Voice of the Customer

Voice of the Customer Programs Will Supplement Traditional Surveys by Analyzing Voice and Text Interactions with Customers

According to Gartner, Inc., by 2025, 60% of organisations with voice of the customer (VoC) programmes will supplement traditional surveys with analysis of consumers’ voice and text interactions. Business and customer experience leaders will continue to look for ways to reduce their reliance on surveys, while VoC programmes will face ongoing pressure to demonstrate their worth through improved business outcomes.

While suppliers of VoC platforms have invested in enhanced interaction analytics for years, clients will continue to expect more than superior natural language processing (NLP). Customer intelligence is still locked away in databases, and increasing the amount of underutilised knowledge will do little to assist. VoC suppliers must continue to improve their capabilities for transferring data and insights across client organisations in a useable format.

Today, the majority of customer service organisations use customer surveys. However, these surveys are less valuable than other means of collecting customer voice data. By deriving consumer context, emotions, and experiences from emails, chats, posts, and phone calls with the organisation, NLP can be used to reconcile this divide. Not only may speech and text analytics systems that leverage natural language processing provide information through post-transaction analysis, but they can also provide real-time insight that can be leveraged to improve the customer experience at the moment.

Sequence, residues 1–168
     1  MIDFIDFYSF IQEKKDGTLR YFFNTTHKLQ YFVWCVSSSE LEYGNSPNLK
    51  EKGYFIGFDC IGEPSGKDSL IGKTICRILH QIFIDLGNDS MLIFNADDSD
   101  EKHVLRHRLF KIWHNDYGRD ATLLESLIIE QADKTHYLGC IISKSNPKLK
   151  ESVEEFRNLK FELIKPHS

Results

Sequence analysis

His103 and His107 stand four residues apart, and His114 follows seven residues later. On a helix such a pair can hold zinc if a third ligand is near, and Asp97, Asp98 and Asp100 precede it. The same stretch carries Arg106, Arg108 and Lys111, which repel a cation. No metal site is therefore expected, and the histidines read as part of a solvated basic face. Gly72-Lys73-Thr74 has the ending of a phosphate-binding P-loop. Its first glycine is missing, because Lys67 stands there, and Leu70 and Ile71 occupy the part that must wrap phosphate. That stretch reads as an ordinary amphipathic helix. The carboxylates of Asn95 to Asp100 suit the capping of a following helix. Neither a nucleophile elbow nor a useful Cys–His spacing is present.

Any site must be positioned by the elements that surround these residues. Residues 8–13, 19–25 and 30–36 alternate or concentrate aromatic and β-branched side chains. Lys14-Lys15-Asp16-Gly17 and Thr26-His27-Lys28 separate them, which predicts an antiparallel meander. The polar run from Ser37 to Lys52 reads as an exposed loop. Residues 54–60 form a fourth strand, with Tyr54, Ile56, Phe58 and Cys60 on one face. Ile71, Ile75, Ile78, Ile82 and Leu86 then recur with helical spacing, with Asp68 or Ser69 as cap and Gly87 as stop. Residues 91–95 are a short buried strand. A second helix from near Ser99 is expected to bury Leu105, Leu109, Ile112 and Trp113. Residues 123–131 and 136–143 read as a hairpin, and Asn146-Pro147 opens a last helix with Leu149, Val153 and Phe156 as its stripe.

Those in charge of VoC programmes must address the ramifications of sharing this new information to a variety of business partners in a range of ways that are relevant to their professions. Converting speech and text to data is only a portion of the difficulty. Converting this into usable knowledge necessitates careful consideration of reports, dashboards, alerts, and other communication mechanisms.

Given the predicted future expansion in development and value of VoC and analytics technology, business and customer experience leaders should keep the following in mind when investigating and growing these types of projects:

  • Utilise existing foundations: Implement speech and text analytics through leveraging the capabilities of VoC or interaction recording systems, purchasing new analytics tools, or engaging staff to tweak and analyse current tools to gain a better understanding of the customer experience.
  • Prioritise active channels: Compile a list of all potential consumer listening points along the customer journey (e.g., customer service interactions, social media posts, customer community engagement). Prioritise these sources according to the fullness of their narratives, their capacity to validate authentic customers, and the value they can add to the CX strategy.
  • Explore distribution options: Develop strategies for how this burgeoning source of customer insight will be distributed to employees and internal stakeholders so that it is relevant, intuitive, actionable, applicable, and embedded into their daily jobs. Keeping this additional insight locked in databases and hubs won’t improve the value of VoC to the organisation.


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